Suppose a philanthropically minded salesman earns $420,000 in 2014. He has promised to give his alma mater a $25,000 gift in January. But if he writes the check in late December instead, a deduction for the gift will drop his income below the new capital gains threshold, and he’ll pay 15%, not 20%, on any long-term capital gains he realizes on security sales in 2014.

Two defensive strategies

To reduce what you owe, you might consider these helpful tax provisions.

  • The 0% capital gains rate. Taxpayers in the lowest two brackets—singles with $36,900 or less in taxable income and couples with taxable income of $73,800 or less in 2014—pay no tax at all on long-term capital gains. And while you may make too much to qualify, your kids may not.

Suppose your daughter is safely under those thresholds. You might give her appreciated stock instead of a cash gift; she could then sell the shares with no tax liability. That’s a lot wiser than your selling the stock to generate the cash for the gift—and giving up as much as 23.8% on your profits, assuming you owed the top 20% capital gains rate plus the 3.8% surtax.

Bear in mind that this strategy is viable only if your child is on her own and you no longer count her as a dependent on your tax return. Also, keep in mind that for gift tax purposes you can only give $14,000 per individual in 2014 (or $28,000 per recipient for spouses splitting gifts) without dipping into your lifetime gift tax exemption.

  • The tax break for charitable gifts. Here, too, you can avoid paying capital gains tax by giving away stock that has gained in value. If you’ve held the shares for more than a year, you get to deduct their full value on your tax return (limited to 30% of your adjusted gross income, with a five-year carryforward for any unused deduction). And because the charity is tax-exempt, the organization won’t pay capital gains taxes if it sells the stock.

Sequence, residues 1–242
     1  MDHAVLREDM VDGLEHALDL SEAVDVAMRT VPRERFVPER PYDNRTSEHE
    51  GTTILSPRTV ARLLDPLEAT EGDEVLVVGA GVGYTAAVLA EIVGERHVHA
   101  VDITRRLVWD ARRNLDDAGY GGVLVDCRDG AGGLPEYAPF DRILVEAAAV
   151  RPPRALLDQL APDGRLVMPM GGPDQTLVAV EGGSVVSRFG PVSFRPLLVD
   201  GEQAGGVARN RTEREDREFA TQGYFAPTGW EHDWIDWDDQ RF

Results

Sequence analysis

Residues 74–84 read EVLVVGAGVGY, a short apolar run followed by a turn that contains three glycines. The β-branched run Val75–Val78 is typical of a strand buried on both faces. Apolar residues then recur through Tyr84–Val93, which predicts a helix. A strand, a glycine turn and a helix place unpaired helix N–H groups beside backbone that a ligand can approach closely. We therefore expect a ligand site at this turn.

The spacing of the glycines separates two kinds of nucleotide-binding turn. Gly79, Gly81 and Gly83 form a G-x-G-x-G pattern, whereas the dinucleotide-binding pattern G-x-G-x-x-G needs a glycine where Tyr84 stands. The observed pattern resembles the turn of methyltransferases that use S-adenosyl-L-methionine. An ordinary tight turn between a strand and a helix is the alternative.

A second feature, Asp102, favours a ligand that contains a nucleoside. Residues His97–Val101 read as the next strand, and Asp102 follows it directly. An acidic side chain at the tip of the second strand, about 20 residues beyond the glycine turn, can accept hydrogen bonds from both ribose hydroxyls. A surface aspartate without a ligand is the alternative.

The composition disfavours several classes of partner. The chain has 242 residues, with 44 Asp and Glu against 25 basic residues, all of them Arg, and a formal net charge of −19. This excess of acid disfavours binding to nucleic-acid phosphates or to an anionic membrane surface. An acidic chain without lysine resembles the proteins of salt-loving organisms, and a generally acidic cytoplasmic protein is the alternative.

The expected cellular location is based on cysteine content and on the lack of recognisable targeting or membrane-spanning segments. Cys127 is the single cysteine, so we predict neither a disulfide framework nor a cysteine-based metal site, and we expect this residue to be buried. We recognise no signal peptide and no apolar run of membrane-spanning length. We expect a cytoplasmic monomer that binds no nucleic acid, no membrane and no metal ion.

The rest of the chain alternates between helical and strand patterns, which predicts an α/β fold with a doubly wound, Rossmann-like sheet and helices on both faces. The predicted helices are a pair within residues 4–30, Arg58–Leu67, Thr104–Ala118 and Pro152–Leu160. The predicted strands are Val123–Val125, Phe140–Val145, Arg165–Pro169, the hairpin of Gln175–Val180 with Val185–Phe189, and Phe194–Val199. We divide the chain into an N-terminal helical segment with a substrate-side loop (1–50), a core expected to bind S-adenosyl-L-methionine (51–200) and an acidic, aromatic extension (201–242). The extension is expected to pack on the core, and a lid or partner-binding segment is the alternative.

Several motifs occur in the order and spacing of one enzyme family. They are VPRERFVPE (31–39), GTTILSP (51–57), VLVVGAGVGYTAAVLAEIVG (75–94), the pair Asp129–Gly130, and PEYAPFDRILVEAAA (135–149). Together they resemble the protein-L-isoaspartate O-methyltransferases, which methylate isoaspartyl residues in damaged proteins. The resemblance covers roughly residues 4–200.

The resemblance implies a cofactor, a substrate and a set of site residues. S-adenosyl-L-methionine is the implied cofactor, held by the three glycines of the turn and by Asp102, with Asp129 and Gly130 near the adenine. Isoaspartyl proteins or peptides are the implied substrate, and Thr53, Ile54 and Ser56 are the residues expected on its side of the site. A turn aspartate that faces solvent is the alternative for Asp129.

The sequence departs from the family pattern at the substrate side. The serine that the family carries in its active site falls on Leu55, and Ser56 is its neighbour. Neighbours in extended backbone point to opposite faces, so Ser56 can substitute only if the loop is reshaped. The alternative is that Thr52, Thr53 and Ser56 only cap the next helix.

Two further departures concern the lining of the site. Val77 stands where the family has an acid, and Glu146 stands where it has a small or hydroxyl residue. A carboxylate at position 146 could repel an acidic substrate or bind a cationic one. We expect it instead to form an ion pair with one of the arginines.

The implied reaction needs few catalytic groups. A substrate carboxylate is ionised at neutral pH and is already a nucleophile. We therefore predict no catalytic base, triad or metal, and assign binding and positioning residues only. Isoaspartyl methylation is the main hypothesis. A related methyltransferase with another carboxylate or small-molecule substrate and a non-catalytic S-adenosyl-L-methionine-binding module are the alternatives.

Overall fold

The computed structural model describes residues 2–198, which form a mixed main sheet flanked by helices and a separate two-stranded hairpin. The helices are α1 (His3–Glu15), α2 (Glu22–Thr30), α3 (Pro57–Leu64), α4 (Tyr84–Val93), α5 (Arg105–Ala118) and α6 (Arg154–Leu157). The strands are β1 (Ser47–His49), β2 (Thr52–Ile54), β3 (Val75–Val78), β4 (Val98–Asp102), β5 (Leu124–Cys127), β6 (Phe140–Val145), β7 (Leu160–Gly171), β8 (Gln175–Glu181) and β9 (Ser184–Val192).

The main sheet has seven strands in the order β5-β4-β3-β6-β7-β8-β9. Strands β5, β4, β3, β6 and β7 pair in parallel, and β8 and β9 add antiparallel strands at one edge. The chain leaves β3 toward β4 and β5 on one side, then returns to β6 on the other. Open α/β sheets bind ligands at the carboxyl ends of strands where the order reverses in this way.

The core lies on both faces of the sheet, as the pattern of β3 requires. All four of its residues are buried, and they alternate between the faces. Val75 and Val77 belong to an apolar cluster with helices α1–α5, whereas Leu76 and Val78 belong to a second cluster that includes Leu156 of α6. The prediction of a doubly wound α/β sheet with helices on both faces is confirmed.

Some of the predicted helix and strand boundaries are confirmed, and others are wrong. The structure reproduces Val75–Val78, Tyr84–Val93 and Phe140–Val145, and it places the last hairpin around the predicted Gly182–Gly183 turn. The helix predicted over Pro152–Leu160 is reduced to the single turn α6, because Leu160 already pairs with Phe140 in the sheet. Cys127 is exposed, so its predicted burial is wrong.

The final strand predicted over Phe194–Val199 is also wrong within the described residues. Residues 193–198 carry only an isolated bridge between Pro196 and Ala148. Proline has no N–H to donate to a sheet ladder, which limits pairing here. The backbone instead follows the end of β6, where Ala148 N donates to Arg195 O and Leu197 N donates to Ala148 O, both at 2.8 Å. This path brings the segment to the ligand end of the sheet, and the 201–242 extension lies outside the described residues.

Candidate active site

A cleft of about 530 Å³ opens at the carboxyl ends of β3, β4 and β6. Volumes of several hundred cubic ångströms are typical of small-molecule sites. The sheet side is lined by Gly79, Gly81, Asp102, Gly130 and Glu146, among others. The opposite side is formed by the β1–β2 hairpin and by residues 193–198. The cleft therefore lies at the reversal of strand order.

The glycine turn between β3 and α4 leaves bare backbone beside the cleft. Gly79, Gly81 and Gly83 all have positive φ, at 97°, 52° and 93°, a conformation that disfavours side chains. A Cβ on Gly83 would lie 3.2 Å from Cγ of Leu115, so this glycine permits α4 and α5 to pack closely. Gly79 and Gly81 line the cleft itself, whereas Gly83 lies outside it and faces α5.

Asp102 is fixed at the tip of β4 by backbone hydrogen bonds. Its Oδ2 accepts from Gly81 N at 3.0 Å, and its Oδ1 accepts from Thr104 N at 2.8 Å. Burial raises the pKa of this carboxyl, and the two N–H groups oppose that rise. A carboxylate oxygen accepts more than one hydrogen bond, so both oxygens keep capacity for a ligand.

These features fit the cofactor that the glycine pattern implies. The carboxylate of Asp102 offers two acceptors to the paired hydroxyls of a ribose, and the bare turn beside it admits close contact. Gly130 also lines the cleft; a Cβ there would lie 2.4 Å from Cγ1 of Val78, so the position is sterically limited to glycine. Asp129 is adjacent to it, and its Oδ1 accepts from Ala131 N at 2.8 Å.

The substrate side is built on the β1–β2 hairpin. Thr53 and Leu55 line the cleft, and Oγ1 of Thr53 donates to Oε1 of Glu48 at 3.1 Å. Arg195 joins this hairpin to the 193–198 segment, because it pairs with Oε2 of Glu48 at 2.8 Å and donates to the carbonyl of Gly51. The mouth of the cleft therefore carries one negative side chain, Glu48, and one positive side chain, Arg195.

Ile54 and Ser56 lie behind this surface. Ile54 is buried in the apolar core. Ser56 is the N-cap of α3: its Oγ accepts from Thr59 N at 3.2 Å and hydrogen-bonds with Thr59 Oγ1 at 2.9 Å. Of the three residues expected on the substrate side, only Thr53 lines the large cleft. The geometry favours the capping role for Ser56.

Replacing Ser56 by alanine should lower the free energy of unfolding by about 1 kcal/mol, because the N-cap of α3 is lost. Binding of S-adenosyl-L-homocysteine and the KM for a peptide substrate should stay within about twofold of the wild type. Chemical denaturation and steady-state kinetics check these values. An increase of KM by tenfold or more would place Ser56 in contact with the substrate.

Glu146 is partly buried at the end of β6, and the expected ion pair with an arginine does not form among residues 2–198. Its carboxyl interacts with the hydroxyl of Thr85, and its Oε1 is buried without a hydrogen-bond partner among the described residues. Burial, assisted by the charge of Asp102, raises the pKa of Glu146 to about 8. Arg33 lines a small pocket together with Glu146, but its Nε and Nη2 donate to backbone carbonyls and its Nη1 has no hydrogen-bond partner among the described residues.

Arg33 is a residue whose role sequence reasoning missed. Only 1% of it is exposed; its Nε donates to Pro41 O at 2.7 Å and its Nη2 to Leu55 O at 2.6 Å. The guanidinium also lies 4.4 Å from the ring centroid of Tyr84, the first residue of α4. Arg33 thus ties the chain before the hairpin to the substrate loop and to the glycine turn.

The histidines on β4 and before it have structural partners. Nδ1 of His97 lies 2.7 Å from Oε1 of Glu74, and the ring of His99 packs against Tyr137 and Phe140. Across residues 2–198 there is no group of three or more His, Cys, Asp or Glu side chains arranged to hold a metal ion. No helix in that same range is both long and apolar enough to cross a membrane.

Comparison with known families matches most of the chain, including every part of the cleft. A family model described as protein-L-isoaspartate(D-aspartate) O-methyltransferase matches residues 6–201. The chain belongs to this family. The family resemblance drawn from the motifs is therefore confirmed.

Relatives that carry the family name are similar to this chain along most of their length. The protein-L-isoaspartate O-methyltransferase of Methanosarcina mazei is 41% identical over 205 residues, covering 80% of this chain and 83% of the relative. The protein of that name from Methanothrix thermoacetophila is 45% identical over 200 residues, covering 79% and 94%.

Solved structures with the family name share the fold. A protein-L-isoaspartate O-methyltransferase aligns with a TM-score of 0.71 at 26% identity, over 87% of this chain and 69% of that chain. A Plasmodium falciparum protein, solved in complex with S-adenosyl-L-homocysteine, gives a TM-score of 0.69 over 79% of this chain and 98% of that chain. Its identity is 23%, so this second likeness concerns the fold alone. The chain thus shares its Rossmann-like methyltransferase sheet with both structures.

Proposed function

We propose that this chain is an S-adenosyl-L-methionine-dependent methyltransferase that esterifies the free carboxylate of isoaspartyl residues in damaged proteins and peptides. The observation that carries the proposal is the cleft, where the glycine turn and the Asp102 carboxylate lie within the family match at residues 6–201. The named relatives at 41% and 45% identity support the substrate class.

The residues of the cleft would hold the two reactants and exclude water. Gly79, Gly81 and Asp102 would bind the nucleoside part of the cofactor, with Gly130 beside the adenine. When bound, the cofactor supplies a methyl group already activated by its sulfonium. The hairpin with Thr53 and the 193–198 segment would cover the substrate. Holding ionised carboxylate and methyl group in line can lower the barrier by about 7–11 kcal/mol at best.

As Benjamin Franklin once noted, there are only a couple of things that are certain in life, and taxes are one of them. But with some forethought and planning, you have some say over how much you really need to pay. 

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Important Disclosures

The information provided here is for general informational purposes only and should not be considered an individualized recommendation or personalized investment advice. The tax strategies mentioned here may not be suitable for everyone. Each investor needs to review their own particular situation before making any investment decision.

All expressions of opinion are subject to change without notice in reaction to shifting market conditions. Data contained herein from third-party providers is obtained from what are considered reliable sources. However, its accuracy, completeness or reliability cannot be guaranteed.

Examples provided are for illustrative purposes only and not intended to be reflective of results you can expect to achieve.

This information is not intended to be a substitute for specific individualized tax, legal, or investment planning advice. Where specific advice is necessary or appropriate, Schwab recommends consultation with a qualified tax advisor, CPA, financial planner or investment manager.